Duggar lawyers claim agents intentionally misled federal judge in child pornography case

FAYETTEVILLE – Lawyers for Josh Duggar are redoubling their efforts to suppress the evidence in his child pornography case or dismiss the charges altogether.

Duggar, 33, of Springdale, is charged with two counts of receiving and possessing child pornography. U.S. District Judge Timothy L. Brooks presented the case to a jury on November 30.

Duggar, best known for being a part of his family’s cable reality show, is accused of using the internet in May 2019 to download and own the material, some of which depicts sexual abuse of children under 12 , according to court documents.

If convicted, Duggar faces up to 20 years in prison and fines of up to $ 250,000 on each count.

Duggar’s lawyers have filed several motions over the past two months to dismiss the case or suppress evidence. They filed a response to the government on Friday arguing, once again, that federal agents intentionally misled a trial judge in order to obtain a search warrant.

“Here, there was willful, reckless and / or grossly negligent conduct on the part of the law enforcement authorities in obtaining the warrant. Specifically, the deponents provided false and misleading statements to the magistrate and have omitted important facts – and they did so willfully, recklessly and, at a minimum, gross negligence, ”according to the court record.

Specifically, they maintain that officers were unable to “successfully” download files containing child pornography from Duggar’s computer, but told the judge they did.

Instead, an accurate statement would have been that the zip file contains 405 files but only 66 of those files would be present on a device using a company’s IP address, and after 17 hours and 169 attempts, only 13 of those files were uploaded, according to the file. “In this context, it is remarkable that a federal agent declares, under oath, that this file has been ‘successfully uploaded’.”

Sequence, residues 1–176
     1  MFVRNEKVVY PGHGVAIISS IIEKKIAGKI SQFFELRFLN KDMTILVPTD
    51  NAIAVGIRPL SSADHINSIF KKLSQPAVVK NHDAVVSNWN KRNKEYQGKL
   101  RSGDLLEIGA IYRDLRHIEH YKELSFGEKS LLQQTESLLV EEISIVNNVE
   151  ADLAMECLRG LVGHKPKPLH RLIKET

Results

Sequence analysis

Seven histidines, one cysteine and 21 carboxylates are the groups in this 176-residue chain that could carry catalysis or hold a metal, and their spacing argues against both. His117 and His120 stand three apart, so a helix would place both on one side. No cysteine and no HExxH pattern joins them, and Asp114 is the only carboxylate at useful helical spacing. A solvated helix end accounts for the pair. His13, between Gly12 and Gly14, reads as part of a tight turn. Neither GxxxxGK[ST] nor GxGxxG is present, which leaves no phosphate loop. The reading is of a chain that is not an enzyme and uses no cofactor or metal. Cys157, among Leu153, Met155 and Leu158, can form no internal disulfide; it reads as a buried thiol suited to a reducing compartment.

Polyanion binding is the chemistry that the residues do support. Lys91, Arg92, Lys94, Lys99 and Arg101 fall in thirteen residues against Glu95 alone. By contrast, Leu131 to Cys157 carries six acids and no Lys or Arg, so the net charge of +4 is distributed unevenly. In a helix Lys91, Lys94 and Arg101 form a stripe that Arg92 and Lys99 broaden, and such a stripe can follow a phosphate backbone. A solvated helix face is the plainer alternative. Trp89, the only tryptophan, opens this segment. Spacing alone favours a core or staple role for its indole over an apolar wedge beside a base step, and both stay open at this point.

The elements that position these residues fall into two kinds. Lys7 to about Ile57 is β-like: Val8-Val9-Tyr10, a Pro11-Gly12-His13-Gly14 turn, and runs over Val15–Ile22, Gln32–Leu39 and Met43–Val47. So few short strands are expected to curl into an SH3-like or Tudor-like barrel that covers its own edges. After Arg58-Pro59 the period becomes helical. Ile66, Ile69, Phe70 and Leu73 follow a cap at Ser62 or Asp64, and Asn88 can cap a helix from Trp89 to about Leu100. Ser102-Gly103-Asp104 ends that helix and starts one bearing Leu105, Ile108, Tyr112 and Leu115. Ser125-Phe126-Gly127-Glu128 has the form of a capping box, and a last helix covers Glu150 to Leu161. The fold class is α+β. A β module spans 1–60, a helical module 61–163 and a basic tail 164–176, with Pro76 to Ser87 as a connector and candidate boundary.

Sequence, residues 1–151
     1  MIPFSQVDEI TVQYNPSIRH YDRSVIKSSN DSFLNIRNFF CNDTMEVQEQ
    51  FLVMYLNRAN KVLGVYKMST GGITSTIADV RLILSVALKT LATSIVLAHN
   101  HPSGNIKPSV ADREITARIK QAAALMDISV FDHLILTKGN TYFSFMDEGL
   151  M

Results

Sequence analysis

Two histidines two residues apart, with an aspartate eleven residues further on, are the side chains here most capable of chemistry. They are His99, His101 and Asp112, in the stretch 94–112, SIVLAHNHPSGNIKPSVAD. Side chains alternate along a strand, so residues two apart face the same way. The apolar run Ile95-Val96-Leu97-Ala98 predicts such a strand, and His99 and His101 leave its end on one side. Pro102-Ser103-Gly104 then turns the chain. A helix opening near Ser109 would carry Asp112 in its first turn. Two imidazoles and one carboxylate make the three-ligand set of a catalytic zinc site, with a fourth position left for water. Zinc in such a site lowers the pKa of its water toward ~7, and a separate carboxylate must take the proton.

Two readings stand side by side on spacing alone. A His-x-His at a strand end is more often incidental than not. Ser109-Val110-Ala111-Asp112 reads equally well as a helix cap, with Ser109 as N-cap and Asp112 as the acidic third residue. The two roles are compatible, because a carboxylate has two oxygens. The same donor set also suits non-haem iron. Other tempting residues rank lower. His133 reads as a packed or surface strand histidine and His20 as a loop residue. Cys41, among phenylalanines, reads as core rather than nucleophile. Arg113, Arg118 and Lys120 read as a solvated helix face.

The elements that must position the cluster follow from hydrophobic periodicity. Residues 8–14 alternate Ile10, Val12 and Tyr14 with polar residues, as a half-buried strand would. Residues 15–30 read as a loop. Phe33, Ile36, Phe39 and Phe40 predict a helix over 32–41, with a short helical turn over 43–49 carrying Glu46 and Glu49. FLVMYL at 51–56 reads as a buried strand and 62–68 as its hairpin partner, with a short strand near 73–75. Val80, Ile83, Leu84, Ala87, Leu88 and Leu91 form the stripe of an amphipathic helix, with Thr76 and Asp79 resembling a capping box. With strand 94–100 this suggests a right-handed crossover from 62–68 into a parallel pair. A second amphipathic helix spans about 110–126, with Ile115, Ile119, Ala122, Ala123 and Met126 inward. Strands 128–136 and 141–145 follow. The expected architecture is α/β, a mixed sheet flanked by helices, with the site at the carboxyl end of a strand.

Further, lawyers for Duggar argue that the affidavit provided to the judge by officers for a warrant omitted important facts.

Specifically, the affidavit leaves out that the wanted used car dealership law enforcement was a business that addressed the general public regularly and had transient workers and employees, all of whom could have had unsecured Wi-Fi access at the dealership.

In another response, attorneys for Duggar said federal investigators never examined the phones of three people they contacted who had access to the concession.

“The amount of information on the cell phones of the three witnesses is not limited to helping Duggar establish that he was ‘not the only person with access to the lot'”, according to the court file. “The phones would establish a wealth of information relevant to his defense. While this is not an exhaustive list, the information from the phones would establish what these people are looking for on the Internet, if they have the technical capabilities. in any way (for example) setting up partitions on hard drives, using file sharing software, knowing the company’s Wi-Fi password, and the list goes on. “

The government says there was no exculpatory evidence on the phones it seized and searched, but the decision to return the phones to witnesses without creating any records of the searches and preserving underlying evidence robs Duggar of his constitutionally guaranteed access to evidence, according to the record.

Federal prosecutors said investigators examined these phones and there was no relevant evidence to find. And, further investigation showed that none of the three were present in Duggar’s parking lot when his computer was used to download child sexual abuse material, fatally undermining his claims.


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